MCS' Teachers have also created a Wish List of books they would love to receive as Classroom/ Teacher gifts. Those lists can be found online or hard copies can be found on site by Wednesday, November 2nd. 

You may also start shopping the Fair NOW! Scholastic Book Fairs offer the opportunity to shop the fair online as well- for added convenience, go to this link to browse and make purchases. 
 


Online Book Fair

Please note: 50 % of proceeds will go toward a Scholastic Dollars account, allowing our school to update our school libraries. This year, we are hoping to earn enough to purchase new and updated encyclopedias and other specialty researching resources. 
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MCS Spirit Gear Coming Soon!



Montessori Community School presents MCS Spirit Gear. Zipped, hooded sweatshirts will be available to pre-order soon. Adult sizes will be $28 and youth sizes will be $25. Stay tuned for more information.
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Seeking Volunteers

MCS Halloween Carnival

Friday, October 28th 6:30-8:00pm

More Volunteers Needed!

** Great way to get your parent participation hours **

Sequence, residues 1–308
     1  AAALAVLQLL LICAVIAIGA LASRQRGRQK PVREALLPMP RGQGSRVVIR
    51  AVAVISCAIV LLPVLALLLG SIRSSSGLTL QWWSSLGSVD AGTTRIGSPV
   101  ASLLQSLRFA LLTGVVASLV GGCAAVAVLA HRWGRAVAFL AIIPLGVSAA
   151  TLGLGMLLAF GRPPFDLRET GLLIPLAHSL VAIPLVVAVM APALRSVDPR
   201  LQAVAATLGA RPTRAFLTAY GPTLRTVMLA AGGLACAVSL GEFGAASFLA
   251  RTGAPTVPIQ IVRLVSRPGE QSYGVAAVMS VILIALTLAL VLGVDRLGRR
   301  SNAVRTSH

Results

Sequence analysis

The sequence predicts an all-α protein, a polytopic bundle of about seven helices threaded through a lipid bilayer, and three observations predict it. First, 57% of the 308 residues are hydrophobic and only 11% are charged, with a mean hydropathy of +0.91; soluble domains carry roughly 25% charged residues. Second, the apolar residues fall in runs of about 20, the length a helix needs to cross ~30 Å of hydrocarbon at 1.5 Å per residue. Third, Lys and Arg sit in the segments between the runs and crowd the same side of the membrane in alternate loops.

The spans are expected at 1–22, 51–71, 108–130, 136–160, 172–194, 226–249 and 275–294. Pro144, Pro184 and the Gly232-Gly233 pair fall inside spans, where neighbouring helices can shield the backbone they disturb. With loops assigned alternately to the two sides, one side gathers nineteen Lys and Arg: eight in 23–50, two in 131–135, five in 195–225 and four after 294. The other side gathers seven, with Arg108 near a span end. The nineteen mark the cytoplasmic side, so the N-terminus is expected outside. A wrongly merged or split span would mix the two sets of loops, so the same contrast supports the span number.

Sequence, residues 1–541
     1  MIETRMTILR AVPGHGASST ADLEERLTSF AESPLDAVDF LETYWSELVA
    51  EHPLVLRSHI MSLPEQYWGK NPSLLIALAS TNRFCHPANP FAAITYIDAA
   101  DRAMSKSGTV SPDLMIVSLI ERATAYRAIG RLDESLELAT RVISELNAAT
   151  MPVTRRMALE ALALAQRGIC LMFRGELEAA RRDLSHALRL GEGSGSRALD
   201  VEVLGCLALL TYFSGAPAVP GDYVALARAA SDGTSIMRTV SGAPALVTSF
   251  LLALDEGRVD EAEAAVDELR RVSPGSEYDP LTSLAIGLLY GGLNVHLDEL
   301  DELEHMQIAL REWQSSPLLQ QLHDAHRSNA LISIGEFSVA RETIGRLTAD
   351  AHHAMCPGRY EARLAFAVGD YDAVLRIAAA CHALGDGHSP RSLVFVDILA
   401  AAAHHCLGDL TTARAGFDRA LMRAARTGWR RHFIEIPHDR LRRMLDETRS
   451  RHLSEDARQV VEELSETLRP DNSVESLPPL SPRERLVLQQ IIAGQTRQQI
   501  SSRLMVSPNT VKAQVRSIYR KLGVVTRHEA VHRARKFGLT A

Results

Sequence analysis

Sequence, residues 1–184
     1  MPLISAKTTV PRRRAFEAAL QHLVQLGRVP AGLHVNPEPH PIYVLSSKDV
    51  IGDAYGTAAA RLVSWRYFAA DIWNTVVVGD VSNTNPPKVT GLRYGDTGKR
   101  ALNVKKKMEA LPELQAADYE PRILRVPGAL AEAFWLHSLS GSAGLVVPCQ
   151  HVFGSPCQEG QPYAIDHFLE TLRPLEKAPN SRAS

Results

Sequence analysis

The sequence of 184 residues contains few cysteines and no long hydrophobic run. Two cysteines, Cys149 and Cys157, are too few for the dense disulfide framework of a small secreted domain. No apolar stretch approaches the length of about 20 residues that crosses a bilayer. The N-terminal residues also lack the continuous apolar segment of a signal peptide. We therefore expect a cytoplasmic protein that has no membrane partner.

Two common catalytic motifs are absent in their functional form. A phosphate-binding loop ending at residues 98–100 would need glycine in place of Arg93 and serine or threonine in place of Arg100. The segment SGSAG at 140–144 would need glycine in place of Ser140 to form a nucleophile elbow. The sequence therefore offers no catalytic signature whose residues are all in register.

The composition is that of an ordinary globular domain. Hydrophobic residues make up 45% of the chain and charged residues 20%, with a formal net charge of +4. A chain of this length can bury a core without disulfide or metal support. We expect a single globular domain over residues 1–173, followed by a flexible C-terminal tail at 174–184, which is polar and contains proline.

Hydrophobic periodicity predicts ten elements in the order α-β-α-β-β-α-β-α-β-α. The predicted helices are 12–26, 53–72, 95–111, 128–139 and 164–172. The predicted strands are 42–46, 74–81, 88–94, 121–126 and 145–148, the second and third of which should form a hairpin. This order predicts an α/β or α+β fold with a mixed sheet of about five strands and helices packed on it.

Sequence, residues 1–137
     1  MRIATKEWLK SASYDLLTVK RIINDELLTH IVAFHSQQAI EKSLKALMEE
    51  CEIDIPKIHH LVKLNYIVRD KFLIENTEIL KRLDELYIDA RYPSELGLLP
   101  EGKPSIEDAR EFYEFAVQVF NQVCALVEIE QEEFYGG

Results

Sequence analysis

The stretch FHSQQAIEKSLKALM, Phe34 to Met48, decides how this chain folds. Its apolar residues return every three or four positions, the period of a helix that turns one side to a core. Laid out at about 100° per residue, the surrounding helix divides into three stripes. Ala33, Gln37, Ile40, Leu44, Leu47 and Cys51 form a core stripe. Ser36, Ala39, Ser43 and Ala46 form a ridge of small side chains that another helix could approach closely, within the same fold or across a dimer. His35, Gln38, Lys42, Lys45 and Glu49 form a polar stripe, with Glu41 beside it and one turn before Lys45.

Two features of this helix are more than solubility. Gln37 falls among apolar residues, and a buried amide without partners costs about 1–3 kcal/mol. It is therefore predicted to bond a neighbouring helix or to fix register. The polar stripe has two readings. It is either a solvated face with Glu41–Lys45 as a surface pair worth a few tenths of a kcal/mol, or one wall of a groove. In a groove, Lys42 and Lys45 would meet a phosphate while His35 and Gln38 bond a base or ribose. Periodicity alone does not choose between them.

Needs:
1-2 volunteers for pumpkin cleaning – 6:30-7:15pm
2 volunteers for event break down – 8:00-9:00pm
1 volunteer for ticket table – 6:45-7:30pm
1 volunteer for mini golf –7:15-8:00pm
1 volunteer for Earthwings – 7:15-8:00pm
1 volunteer for plinko – 7:15-8:00pm
2 car volunteers for Trunk or Treat 6:30-8:00pm

If you are available for anything and would like to
help, let us know and we’ll get you an assignment!


Please contact Jessica Pechmann at
This email address is being protected from spambots. You need JavaScript enabled to view it.
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Montessori Services for Small Hands Catalogs

Toddler, Early Childhood, and Lower Elementary students received a For Small Hands catalog in their Take-Home Files. If your student did not receive a catalog, there are many copies in the lobby area for you to enjoy.

Over the years, many of our families have purchased their holiday gifts from this catalog or have encouraged family members to purchase gifts from this catalog.

If you do choose to place an order, our school will receive a percentage of the sales back as a credit for merchandise. The school customer number is 120274 and can also be found on a label on the catalog. For more information, check out their website: www.forsmallhands.com.